Gas shut off valve

In an older home, built in late 40’s early 50’s where were the shut off valves located for furnaces or hot water heaters? was it just the main inside by meter?
do you know what year that they had to be installed with in 6 feet of the appliance?
there was a property that was renovated, not fully with plumbing and electric update, older hot water heater, newer furnace,
when do you call code? I know with the new expansion tanks, but this shut off valve is now blocked over with drywall PER THE OWNER, which I know he can make accessible but didn’t, or can they just use the main shut off.

We do not site code.

I doubt the furnace and HWH are original so grandfathering and age of subject do not matter.

Shutoffs should be within reach.

I don’t believe that natural gas was around in the 40-50’s But the units shoud still have a shut off on the units and the main should have one in case the gas needs to be shut off from out side.
You should never quote a code. Just say that by todays standards this should be further evaluated and corrected as needed by a licensed contractor for safety.

LOL. Large industrial cities were using Natural Gas in the late 1800’s. They had natural gas refrigerators and other appliances back in the early 30’s.

My father installed gas appliances in the 1953 home he built. There were individual gas valves installed for each appliance.

haha
The 100 year old places sometimes used the old gas pipes for running that new fangled electric wire to replace the gas lights.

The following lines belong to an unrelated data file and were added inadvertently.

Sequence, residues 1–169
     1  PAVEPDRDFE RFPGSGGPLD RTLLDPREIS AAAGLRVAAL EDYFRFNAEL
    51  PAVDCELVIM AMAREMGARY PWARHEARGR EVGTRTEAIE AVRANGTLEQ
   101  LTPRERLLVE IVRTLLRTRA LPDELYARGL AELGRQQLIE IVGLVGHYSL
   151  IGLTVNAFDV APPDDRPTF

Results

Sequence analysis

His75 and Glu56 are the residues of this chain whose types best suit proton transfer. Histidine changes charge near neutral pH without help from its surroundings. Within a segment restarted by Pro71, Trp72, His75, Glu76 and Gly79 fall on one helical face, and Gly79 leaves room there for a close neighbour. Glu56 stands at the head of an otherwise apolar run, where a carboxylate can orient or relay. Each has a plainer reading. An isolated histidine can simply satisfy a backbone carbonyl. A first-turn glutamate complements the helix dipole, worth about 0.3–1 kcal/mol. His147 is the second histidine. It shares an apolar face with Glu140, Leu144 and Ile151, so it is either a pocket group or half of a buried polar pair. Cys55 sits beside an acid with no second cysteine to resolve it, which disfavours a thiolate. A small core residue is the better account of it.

I didn’t call code and never use that word!! I just used it here, cause that is what I am hearing that word over and over by the plumber, (how did I pass this house when that is not up to code!) the TPR valve was leaking and he told buyer that he had to replace the whole unit…and he can’t locate the shut off valve, it was up in the ceiling area…

To answer your original question… yes they can use the main gas shut-off valve to service the system (if needed) but a point of use shut-off valve should be installed, visible, and readily accessible for reasons of safety, service, and convenience. If the appliance shut-off is NOT installed, visible, and readily accessible, it should be called out for repair regardless of code and/or when it was installed.

Now on the point of replacing an entire water heater due to a leaky TPRV is well… slightly excessive unless there are multiple other issues with the unit and cost effectiveness warrants replacement.

Thanks William, and I don’t quite understand that at all, the TPR valve was leaking on the unit slightly, and the unit was a 2004, so the plumber (a good friend of the owner…)told the owner he must replace the unit (which would cost 1,000. to do!!!), he went out bought the unit, then the plumber couldn’t find the shut off, which should of been installed by the unit but it was on a shared line which was under drywall (not visible) so he called me saying, how did I pass this house. I always come back with I don’t fail or pass a house, the buyer does in an AS IS house, I report on the condition that I see and it is up to them to buy or not to buy. All in all I had someone go back out for me and they explained HOW TO CHANGE/REPAIR a leaky TPR valve…and the contractor who installed the “newer furnace” is now goin to have to put the shut off on or show the signed off permit from the city…
now of course he is picking everything apart on me…gotta love it